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20:43 Nature.ComThe CRISPR fix that could combat inherited blood disorders

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19:09 ScienceDaily.comCRISPR-chip enables digital detection of DNA without amplification

Researchers have found multiple applications for the CRISPR gene editing technology since it came into use by the scientific community.

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17:50 Phys.orgDiscovery of life-extension pathway in worms demonstrates new way to study aging

An enzyme-blocking molecule can extend the lifespan of Caenorhabditis elegans roundworms by as much as 45 percent, largely by modulating a cannabinoid biological pathway, according to a study from scientists at Scripps Research.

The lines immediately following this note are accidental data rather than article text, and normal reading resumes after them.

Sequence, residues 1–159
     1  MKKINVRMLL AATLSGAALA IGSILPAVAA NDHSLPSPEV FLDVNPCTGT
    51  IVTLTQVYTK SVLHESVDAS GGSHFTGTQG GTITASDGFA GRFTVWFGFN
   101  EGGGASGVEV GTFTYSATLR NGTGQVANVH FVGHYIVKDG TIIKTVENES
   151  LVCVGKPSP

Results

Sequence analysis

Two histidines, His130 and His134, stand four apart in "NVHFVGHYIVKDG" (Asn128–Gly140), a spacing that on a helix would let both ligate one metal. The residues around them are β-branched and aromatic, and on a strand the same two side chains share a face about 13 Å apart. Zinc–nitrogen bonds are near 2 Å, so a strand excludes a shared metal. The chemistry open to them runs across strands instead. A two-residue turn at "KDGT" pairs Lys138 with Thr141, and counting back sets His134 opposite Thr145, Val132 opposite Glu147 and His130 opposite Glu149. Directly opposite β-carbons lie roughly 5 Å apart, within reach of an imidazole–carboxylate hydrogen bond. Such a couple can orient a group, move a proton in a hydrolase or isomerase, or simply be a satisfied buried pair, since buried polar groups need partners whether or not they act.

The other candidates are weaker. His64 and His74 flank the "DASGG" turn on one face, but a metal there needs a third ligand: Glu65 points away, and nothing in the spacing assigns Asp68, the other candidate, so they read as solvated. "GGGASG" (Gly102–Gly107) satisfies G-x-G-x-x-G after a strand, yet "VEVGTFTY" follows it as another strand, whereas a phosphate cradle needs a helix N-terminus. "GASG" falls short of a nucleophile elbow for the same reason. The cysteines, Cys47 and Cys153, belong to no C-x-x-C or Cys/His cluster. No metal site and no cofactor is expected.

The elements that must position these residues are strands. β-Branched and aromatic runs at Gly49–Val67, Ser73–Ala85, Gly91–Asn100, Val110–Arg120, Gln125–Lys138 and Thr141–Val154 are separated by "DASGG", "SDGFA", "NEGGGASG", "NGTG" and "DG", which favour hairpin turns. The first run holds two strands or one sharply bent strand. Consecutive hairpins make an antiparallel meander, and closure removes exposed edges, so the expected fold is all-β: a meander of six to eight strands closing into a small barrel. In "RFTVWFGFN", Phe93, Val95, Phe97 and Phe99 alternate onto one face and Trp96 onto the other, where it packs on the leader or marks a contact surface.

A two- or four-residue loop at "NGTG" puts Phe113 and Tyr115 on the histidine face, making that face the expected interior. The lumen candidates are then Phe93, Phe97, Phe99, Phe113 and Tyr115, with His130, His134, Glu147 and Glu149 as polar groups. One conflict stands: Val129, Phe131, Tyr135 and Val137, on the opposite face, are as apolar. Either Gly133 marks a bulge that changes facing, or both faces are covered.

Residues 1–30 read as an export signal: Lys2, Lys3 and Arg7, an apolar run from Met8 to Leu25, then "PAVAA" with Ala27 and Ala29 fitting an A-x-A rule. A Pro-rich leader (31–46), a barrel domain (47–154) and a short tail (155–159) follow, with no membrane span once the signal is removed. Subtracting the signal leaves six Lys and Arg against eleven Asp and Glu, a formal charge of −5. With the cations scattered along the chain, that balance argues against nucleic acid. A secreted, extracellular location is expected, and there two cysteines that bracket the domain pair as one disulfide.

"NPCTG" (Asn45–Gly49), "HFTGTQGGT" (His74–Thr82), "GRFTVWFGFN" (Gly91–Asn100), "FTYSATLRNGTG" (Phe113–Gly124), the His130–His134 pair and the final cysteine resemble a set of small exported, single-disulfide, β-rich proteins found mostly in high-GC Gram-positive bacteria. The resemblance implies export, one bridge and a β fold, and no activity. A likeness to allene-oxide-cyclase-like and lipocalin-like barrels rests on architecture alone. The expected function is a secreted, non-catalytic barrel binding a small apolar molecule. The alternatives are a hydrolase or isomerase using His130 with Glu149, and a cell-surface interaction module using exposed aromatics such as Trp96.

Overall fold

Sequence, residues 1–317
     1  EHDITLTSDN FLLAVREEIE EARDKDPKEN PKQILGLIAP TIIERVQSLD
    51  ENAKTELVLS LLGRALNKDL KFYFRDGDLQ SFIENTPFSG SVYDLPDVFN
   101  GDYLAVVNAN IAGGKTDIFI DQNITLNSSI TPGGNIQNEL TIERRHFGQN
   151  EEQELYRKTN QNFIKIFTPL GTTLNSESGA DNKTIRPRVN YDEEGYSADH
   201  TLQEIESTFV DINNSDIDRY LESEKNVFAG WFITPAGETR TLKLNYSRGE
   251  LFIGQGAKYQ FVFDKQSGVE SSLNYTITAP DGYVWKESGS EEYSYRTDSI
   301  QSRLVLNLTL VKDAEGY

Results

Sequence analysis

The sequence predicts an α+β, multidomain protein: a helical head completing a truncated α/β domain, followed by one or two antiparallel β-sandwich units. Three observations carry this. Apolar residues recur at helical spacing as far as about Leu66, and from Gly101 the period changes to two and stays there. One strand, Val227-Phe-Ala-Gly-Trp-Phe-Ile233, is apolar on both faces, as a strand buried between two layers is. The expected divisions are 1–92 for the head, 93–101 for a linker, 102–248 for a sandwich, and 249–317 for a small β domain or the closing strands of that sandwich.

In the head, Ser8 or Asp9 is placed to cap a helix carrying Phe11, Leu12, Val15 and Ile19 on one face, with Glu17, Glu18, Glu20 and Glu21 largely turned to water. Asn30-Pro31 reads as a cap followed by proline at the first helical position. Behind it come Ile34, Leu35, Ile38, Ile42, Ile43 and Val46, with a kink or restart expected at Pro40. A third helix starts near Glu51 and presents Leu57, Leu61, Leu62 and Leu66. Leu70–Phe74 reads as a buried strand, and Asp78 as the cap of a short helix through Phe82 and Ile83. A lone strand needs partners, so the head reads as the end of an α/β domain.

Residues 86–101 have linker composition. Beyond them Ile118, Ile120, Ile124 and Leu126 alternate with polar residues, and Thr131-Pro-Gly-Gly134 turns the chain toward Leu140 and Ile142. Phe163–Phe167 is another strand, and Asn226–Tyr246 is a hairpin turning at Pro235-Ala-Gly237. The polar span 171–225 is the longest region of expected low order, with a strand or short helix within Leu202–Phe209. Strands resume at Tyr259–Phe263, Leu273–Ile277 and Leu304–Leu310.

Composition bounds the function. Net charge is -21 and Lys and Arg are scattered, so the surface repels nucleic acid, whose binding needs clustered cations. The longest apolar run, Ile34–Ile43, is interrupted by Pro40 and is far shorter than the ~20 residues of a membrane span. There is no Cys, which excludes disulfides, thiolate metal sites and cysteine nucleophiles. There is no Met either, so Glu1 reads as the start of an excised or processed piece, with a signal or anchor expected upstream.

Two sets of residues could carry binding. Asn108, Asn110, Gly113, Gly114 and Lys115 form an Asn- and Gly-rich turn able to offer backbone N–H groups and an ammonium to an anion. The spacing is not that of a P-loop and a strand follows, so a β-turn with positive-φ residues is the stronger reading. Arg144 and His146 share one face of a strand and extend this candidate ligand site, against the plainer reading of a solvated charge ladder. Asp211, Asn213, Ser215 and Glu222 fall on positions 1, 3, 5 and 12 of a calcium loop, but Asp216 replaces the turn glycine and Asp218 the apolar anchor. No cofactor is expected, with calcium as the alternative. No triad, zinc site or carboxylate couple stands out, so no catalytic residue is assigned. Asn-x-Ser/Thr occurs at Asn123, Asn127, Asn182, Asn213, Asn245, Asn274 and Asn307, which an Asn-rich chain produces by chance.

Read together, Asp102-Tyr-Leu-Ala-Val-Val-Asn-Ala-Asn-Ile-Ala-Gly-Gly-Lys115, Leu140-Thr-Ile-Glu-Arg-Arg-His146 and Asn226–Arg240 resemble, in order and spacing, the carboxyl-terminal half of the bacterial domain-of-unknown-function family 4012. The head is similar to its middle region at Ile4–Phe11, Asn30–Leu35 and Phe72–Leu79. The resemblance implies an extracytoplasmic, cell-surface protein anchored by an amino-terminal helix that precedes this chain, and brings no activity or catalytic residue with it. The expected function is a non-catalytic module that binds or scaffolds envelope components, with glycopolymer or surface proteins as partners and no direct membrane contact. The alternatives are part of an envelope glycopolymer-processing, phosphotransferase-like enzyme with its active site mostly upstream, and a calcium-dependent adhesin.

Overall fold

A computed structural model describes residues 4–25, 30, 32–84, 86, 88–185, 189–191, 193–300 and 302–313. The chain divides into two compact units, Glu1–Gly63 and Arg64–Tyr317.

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15:23 NewScientist.ComGenome-editing record smashed with 13,000 edits made in one cell

A team led by George Church has used CRISPR to make a record number of DNA changes in one cell, taking us a step closer to thoroughly re-writing our genomes

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12:21 TechnologyReview.comGenome engineers made more than 13,000 CRISPR edits in a single cell

A team at George Church’s Harvard lab wants to redesign species with large-scale DNA changes.